"small" Horch. Both automobile types were initially rigid-axle models
whose driving properties became something of a problem at higher speeds.
In 1935, Horch's cars were given independent front suspension and a De
Dion axle at the rear (double universal joints with a rigid axle and
frame-mounted differential). The Type 853 sports convertible with
eight-cylinder inline engine, considered by many to be the most
beautiful Horch ever built, made its début in the same year. The Horch
marque was easily able to assert its leading position in the deluxe
class; in 1937, it held a market share in excess of 50 percent in the 4
litre and upwards class.
Wanderer's cars were already being propelled by the new overhead
camshaft engine designed by Professor Porsche before the Auto Union era.
New, modern suspension layouts and body versions were therefore
developed on this basis. A rear swing axle in conjunction with a rigid
front axle appeared in 1933 on the Type W 21 and 22, with independent
front suspension finally being adopted for the W 40, 45 and 50 in 1935.
Models with three-figure code numbers (W 240, 250, etc.) represented the
transitional phase between the two.
The dependable but very expensive OHV engine was replaced by a
side-valve engine of identical power output from 1937 on. The W 24
(four-cylinder) and W 23 (six-cylinder) models first appeared on the
market with these engines in 1937. The engines were standardized and the
chassis largely coordinated (rigid rear axle and raised transverse
springs). Auto Union's new line of body versions first appeared on the
1936 Wanderer model W 51. From then on this line, which was inspired by
American models, was echoed by all new Auto Union vehicles to a greater
or lesser degree.
In the same way that Auto Union was
originally simply a new name for long-established products, the
management too initially adhered to existing structures. At first, the
group was managed from Zschopau (DKW's home). In 1936 the group's new
office building in Chemnitz was completed, following conversion work.
This signalled the end of separate vehicle development activities at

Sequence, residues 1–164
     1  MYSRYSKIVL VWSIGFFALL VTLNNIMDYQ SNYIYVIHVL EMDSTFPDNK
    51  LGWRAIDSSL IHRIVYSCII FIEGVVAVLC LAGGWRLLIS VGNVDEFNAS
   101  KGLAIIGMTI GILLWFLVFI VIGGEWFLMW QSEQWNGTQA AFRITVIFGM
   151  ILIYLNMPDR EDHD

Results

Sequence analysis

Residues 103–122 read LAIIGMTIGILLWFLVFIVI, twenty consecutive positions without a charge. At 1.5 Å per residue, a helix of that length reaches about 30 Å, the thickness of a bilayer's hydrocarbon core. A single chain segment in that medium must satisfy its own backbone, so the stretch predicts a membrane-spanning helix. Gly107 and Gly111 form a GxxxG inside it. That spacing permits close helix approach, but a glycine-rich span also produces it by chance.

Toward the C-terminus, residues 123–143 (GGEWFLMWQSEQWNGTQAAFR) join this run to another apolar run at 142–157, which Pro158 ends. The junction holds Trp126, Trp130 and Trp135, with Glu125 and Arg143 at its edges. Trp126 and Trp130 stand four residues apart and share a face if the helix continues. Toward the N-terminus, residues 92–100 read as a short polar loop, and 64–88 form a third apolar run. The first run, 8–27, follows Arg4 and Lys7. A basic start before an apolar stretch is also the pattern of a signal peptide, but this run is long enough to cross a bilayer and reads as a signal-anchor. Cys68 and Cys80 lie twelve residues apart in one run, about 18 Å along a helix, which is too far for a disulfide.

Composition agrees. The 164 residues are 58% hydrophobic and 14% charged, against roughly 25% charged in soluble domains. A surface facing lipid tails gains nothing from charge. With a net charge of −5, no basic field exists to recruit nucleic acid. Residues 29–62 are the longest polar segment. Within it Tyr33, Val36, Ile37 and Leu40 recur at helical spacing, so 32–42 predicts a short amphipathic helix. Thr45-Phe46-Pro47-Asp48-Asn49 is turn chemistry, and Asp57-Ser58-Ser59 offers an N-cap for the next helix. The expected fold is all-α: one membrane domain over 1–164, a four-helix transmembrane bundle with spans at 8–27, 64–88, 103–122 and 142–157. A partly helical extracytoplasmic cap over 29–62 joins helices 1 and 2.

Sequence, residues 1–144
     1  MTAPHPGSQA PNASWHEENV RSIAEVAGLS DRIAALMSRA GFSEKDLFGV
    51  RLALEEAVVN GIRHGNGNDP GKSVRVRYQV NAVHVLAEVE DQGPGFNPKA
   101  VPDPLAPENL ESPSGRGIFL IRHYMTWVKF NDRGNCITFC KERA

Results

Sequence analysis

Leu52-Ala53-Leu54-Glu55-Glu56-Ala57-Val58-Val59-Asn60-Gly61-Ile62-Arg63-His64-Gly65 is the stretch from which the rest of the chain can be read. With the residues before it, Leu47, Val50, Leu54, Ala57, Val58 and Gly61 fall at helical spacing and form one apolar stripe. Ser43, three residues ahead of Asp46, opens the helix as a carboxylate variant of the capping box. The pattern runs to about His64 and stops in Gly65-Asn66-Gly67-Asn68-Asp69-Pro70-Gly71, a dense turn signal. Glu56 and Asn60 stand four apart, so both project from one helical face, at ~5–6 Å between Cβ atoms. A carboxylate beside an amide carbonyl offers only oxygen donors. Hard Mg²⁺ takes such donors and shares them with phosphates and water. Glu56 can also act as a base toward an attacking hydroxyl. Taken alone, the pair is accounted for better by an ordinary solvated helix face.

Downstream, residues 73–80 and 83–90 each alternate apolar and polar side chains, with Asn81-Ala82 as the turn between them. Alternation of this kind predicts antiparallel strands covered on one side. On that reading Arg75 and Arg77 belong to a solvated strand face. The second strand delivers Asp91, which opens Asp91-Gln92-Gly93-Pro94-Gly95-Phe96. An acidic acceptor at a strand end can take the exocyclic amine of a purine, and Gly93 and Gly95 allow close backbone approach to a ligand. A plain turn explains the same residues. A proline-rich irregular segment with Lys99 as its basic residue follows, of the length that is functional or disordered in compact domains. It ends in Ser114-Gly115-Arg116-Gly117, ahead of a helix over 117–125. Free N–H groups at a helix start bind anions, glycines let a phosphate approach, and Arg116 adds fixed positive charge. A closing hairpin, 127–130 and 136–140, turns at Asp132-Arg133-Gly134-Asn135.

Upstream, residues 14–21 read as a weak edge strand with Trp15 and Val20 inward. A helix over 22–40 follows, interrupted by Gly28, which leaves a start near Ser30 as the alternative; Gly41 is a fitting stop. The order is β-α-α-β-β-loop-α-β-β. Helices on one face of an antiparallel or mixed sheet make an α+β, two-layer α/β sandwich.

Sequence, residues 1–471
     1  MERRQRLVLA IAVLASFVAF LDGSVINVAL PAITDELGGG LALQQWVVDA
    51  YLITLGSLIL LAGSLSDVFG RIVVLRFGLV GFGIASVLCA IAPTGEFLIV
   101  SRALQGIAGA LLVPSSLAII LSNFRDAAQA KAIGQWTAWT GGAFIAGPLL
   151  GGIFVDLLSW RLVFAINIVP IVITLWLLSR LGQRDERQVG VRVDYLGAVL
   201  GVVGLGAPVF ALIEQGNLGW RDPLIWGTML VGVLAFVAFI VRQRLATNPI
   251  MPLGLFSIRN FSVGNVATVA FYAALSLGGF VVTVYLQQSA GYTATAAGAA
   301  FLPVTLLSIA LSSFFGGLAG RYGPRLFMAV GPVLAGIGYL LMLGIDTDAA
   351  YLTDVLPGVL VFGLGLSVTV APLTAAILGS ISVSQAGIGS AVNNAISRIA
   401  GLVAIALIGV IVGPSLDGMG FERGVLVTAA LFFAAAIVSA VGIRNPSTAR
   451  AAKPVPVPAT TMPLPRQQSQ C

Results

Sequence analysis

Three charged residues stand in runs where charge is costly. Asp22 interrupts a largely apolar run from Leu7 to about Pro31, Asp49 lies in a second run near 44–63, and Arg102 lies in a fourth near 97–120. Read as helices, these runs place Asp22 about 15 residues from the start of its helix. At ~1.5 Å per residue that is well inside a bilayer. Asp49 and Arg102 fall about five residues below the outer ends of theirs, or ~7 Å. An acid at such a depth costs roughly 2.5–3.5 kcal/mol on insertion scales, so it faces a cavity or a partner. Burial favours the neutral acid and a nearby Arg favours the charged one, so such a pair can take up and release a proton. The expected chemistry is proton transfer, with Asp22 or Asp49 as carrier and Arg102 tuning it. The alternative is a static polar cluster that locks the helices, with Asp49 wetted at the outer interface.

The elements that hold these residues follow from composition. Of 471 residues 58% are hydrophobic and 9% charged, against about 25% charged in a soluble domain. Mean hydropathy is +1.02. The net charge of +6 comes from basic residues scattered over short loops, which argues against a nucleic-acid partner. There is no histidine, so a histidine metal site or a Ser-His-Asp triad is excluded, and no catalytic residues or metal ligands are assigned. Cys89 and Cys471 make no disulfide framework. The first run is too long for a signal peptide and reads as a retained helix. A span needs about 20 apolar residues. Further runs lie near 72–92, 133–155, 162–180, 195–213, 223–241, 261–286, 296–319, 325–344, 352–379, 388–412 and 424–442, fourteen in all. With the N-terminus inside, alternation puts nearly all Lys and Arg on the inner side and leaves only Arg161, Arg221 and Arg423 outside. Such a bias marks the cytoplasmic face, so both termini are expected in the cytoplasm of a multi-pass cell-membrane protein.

each location: the Central Design Office and Central Testing Department
were opened in Chemnitz. New group vehicles were now developed and
tested here, and the prototype and a set of drawings were then handed
over to the production plant.
Particular emphasis was placed on the development of two-stroke engines.
Auto Union had acquired an exclusive licence from
Klöckner-Humboldt-Deutz for the utilization of the Schnürle patents (the
reverse scavenging principle in the two-stroke engine) for its small
engines. The crucial advantage of this principle was that it
significantly cut fuel consumption, while boosting power output.
Wanderer's engines were standardized, and
the Horch V8 was destined to be replaced by a six-cylinder inline engine
(offering higher output and greater refinement). Auto Union had made
considerable progress in the development of automatic transmissions, and
Auto Union's engineers were now seeking new methods of styling and
materials selection for their body development work.
The Central Body, Development and Design Office pursued the idea of
streamlining from the very outset, using the patents of the Swiss
aerodynamics expert Paul Jaray as its basis. The optimum aerodynamic
properties were first calculated by theoretical methods, then tested out
in the wind tunnel. Production-ready body versions of the DKW F9
achieved an astonishing frontal drag coefficient of cD = 0.42 (the
figure for the predecessor model, the F8, was 0.58)! Even decades later,
this was still par for the course for German production vehicles.
Prompted by the shortage of iron and rubber due to the arms race,
coupled with the fact that wooden chassis with leather upholstery were
now too costly to build (in view of the intensive manual labour
required), Auto Union began development work on a plastic body in
conjunction with Dynamit AG in Troisdorf. An empirical crash testing
programme was developed to assess the strength of wood, sheet metal and
plastic – the first in the history of the German automobile industry.
Sideswipes and lateral and offset frontal rollovers were simulated in
the Central Test Laboratory in Chemnitz. Its technical division
investigated all matters relating to the materials, developed alloys and
special production methods, and investigated the technological
suitability of all new designs. The scientific division concentrated on
future engine versions, the development of transmissions, the
investigation of vibration and noise, and preparations for complex tests
such as the positioning of the catapults used in crash tests. The road
testing division handled the practical testing programme, series testing
and monitoring, and comparative testing of competitors' products.
Auto Union enjoyed rapid expansion between 1933 and 1939: its
consolidated sales rose from 65 to 276 million Reichsmarks, and the
workforce grew from 8,000 to over 23,000. Annual production output of
motorcycles soared from 12,000 to 59,000, and car production climbed
from over 17,000 units to more than 67,000 per year. Compared with the
year of Auto Union's founding, output of Horch cars had doubled by 1938,
production of Wanderer cars was more than five times as high, and the
total for DKW cars had actually risen to ten times the level at the time
of the merger.